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Last Train to Paradise: Henry Flagler and the Spectacular Rise and Fall of the Railroad That Crossed an Ocean

3.96  ·  Rating Details ·  1,532 Ratings  ·  222 Reviews
'Last Train to Paradise' is acclaimed novelist Les Standiford's fast-paced and gripping true account of the extraordinary construction and spectacular demise of the Key West Railroad - one of the greatest engineering feats ever undertaken, destroyed in one fell swoop by the strongest storm ever to hit U.S. shores.

In 1904, the brilliant and driven entrepreneur Henry Flagle
Hardcover, 288 pages
Published 2002 by Crown
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Sep 26, 2011 Jennifer rated it it was amazing  ·  review of another edition
This audiobook gets my biggest compliment: I will be listening to it again! It's full of interesting facts about Florida history that go far beyond the railroad (including lots of information about Hurricane Andrew). Since I live in the Keys, I especially enjoyed hearing about life here when the islands were only accessible by boat. The endearing tales of Flagler's ups and downs throughout his career and three marriages will keep your attention, as well as seldom-heard histories of others involv ...more
If you're going to read one book about the building -- and destruction, less than three decades later -- of the Overseas Railway, this is the book to read. January 2012 will be the Centennial of the completion of the railroad, which transformed the Florida Keys from an isolated island chain into an artificial peninsula, an extension of South Florida. Only a determined and extraordinarily wealthy man like Henry Flagler -- one of the original partners in Standard Oil -- could have seen the project ...more
May 26, 2015 Gerry rated it really liked it
As a multi-millionaire and a major shareholder in Standard Oil, one could be forgiven for thinking that the aging Henry Flagler need do nothing else during the remainder of his life. But that would not have suited this remarkable, all-action man.

He had a vision of developing Florida and then providing a railroad across the Florida Keys to facilitate communications with Cuba and provide quicker access for the Keys, which previously were reached by ship. He was successful in providing hotels and o
May 28, 2015 Andie rated it really liked it  ·  review of another edition
As Carl Hiaasem talks about in his comic thrillers, Florida has long been home to disreputable developers, business shysters and other unsavory characters who have raped the lush landscape of the state for fun and profit, and no one's name is more connected to Florida's notorious business practices than Henry Flager who not only built a hotel empire in Florida and almost single-handedly built Miami and Palm Beach, but also built an improbably railroads line from Miami to Key West.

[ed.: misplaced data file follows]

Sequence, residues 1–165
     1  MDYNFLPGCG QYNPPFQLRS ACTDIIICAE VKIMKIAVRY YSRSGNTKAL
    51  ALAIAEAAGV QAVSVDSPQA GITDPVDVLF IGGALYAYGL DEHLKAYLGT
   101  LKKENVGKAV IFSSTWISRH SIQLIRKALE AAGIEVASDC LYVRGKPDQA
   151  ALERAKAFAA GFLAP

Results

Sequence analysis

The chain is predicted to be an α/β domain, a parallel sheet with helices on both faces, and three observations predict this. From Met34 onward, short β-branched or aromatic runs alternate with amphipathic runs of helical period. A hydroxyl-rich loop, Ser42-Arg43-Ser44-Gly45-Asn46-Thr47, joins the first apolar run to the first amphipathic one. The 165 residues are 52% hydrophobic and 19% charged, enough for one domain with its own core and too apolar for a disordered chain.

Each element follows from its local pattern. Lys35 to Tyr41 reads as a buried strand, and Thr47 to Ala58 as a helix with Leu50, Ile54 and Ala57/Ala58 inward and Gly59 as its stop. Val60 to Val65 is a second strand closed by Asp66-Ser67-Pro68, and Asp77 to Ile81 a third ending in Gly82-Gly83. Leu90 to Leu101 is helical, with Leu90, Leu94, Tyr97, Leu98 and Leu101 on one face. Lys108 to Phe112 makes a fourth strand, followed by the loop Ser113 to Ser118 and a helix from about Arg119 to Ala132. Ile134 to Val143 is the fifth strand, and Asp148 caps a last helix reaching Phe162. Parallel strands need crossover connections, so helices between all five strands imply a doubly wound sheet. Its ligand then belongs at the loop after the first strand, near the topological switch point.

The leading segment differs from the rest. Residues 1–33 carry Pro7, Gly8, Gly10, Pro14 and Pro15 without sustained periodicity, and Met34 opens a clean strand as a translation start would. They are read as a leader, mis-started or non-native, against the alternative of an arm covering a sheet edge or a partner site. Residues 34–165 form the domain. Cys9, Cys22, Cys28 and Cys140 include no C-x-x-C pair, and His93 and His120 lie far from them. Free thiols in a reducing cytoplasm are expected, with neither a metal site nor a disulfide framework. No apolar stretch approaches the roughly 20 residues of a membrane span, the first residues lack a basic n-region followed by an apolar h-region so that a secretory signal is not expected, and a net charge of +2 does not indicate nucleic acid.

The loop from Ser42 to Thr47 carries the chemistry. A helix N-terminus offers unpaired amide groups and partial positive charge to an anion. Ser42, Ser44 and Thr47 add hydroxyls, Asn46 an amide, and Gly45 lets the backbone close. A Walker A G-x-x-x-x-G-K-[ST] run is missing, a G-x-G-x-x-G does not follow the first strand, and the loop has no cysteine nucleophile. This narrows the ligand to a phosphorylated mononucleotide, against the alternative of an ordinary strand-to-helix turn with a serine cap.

Flagler who was
Feb 25, 2013 Janet rated it it was amazing  ·  review of another edition
Wow! Reading this book I was perpetually inspired by the resolve of Henry Flagler and the engineers he employed. I wish engineers were routinely so daring and visionary now! At no point did I find the book to drag. Rather, it just seemed to move more quickly in some places than others. Some of the descriptions of events leading to the development of the project as well as it's eventual destruction are done so well that I could just see it despite having never been to the Florida Keys. Great read ...more
Sep 21, 2016 Julie rated it really liked it  ·  review of another edition
As a relatively new Floridian, I was amazed driving down the highway through the Keys seeing sections of abandoned trestle bridges in the distance a couple years ago. I thought they were walking paths! Visiting St Augustine a handful of times and catching snippets of tour info I was puzzled about this "Henry Flagler" whose name seemed synonymous with grand architecture and trains. Later I heard about the Breakers and his ties to the founding of Miami. This book does an exemplary job of connectin ...more
Fred Mather
Apr 13, 2016 Fred Mather rated it really liked it  ·  review of another edition
The purchase of this book follows a visit to the Flagler Museium in Palm Beach.  The story of Henry Flagler parallels the development of Florida just over a century ago.

The building of Key West Extension of the Florida East Coastal . This is railway line built between 1905 to 1912 to link Miami to Key West. It was an overly ambitious and expensive project that had many justified naysayers.  Henry Flagler poured a lot of his personal fortune into to it in order to see it completed. If is wasn't f
K Walker
Nov 06, 2015 K Walker rated it really liked it  ·  review of another edition